Community Trust celebrates 10 years
This year, the Swans Community Trust celebrates its 10th year as a registered charity and to celebrate, we will be featuring an array of inspiring stories from the past decade.
As the Swans’ registered charity, the Community Trust is at the heart of the club and at the heart of our local communities.
For over a decade, the Community Trust has been passionately working to improve not only people’s opportunities to take part in physical activity, but to improve their lives.
In 10 years, the Trust has come a long way.
Starting off with a bag of footballs in a broom cupboard at the Vetch, the charity’s reach and impact has gone far beyond what anyone could ever have dreamt of when the Swans’ old Football in the Community department – which had been operating for numerous years – was formally registered as a charity back in 2008.
“Even before the charity was established, the club had a community department called Football in the Community which was launched more than 20 years ago and was led by Alan Curtis,” said head of Community Trust Helen Elton.
“The Community Trust was registered a decade ago and the charity was tiny.
“With just three staff, it concentrated its efforts on just a couple of geographic areas, mainly Swansea and Baglan.
“We now have 29 staff working across South Wales, from Rhondda Cynon Taff to the Irish Sea.”
With an array of projects, each with its own aims, the Trust is able to make a range of sports accessible to those living within South West Wales.
From Down’s Syndrome football to trampolining, hockey and tennis, we bring sport to the masses – but we don’t stop there.
In addition to sport, we deliver a range of classroom-based sessions at all levels, from primary school right up to higher education, as well as running projects offering people the chance to gain qualifications, work experience and sustainable employment.
“The Community Trust has developed from solely being a deliverer of community football sessions and holiday soccer camps to our current position,” added Elton.
“It now runs youth engagement projects, employability and education projects that span subject matters such as enterprise, confidence building, youth engagement and health.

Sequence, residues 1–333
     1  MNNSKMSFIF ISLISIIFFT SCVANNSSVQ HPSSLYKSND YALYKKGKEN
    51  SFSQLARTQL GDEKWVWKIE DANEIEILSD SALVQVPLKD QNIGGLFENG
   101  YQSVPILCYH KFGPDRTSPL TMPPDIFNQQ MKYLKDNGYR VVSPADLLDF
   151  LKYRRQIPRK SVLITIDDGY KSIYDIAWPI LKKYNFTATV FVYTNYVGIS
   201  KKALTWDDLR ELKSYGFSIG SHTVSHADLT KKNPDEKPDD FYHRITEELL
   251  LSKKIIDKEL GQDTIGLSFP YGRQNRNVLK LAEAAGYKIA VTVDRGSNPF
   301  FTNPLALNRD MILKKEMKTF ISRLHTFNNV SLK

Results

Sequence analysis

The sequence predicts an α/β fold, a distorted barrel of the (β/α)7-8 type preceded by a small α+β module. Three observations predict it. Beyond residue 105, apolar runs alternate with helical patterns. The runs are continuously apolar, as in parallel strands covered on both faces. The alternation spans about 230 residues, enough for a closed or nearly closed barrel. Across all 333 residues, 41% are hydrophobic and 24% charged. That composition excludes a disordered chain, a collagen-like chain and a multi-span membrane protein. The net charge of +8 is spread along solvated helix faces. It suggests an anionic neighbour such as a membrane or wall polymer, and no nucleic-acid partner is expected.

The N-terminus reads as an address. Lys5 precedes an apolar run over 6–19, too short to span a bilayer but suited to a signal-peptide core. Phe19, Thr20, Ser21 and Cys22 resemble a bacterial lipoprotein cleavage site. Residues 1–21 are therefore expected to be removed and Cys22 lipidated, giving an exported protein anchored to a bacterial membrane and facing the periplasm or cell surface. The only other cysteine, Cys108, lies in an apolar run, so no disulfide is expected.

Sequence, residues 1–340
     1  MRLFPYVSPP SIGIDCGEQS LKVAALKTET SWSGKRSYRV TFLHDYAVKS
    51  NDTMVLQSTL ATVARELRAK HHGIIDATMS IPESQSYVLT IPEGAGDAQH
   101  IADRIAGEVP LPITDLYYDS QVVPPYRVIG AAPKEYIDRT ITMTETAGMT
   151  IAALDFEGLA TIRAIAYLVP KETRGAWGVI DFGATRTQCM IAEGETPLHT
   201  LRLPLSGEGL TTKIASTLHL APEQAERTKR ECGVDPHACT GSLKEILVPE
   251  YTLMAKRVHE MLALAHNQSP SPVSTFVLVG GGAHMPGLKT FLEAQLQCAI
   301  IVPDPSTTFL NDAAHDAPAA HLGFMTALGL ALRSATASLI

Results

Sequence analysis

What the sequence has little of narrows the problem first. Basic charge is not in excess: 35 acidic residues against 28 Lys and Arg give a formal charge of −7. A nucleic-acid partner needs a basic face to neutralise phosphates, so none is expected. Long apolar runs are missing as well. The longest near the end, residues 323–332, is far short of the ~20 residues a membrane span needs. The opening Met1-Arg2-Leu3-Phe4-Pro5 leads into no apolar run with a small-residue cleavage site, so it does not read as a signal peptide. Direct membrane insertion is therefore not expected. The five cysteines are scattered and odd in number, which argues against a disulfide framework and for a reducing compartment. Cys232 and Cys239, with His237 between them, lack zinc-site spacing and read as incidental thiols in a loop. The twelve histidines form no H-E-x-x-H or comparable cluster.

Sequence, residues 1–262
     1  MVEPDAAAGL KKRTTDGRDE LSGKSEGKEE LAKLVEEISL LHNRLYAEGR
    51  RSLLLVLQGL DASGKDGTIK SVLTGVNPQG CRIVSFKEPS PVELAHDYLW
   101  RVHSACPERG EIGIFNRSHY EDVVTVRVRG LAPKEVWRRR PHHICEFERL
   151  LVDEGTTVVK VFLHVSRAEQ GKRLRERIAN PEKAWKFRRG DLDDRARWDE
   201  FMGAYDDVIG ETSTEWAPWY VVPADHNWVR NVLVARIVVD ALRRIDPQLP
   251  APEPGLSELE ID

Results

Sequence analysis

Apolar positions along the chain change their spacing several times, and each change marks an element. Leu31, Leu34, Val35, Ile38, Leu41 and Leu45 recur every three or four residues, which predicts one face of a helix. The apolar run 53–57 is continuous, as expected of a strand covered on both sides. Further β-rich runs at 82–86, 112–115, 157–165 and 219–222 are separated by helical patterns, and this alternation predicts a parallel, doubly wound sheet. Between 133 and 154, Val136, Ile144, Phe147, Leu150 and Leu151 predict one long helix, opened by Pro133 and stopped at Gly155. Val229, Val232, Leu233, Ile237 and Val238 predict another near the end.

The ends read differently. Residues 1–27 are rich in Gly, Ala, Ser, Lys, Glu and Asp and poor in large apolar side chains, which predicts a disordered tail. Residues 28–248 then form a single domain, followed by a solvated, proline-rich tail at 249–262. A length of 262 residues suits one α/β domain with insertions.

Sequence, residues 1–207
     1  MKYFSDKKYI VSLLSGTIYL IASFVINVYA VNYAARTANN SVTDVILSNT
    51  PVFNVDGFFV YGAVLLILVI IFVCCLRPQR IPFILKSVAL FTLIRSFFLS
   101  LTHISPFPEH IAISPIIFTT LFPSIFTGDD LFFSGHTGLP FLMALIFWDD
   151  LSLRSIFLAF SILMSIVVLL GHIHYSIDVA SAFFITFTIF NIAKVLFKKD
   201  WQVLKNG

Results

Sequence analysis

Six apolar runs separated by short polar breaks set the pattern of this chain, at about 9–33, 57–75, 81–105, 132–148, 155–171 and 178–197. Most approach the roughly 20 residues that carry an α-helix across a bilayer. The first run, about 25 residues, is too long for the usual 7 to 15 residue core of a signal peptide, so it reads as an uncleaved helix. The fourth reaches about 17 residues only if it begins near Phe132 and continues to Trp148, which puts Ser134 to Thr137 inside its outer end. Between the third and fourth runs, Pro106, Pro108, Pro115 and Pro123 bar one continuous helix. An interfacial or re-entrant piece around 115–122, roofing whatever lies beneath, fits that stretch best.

“We also have an excellent inclusion project, which is working to improve opportunities for people with disabilities.”
To celebrate a decade of changing lives, we will be sharing success stories from over the years to celebrate the work of the Community Trust, its staff, volunteers and participants leading up to the official anniversary in November.
Giving an intimate look at what the Trust does day in, day out, the campaign will bring you the stories from the likes of Curtis and Lee Trundle, plus key members of staff who have been instrumental in taking us to where we are today.
We will also share inspiring tales of participants who, by engaging with the Trust, have gone on to achieve truly great things.
Whether it be conquering personal barriers to securing employment, or developing their sporting prowess to such a point that they’ve gone on to represent their country in their chosen field, we will be celebrating a variety of achievements from the past 10 years.
These community champions are at the core of what we do and we look forward to sharing their stories with you, just as we look forward to more years of changing lives in our local community.
“The future for the Trust is very exciting,” Elton said.
“We can see that the demand for our provision is growing and our ability to meet that demand is improving and I am really looking forward to seeing what the next 10 years will bring.”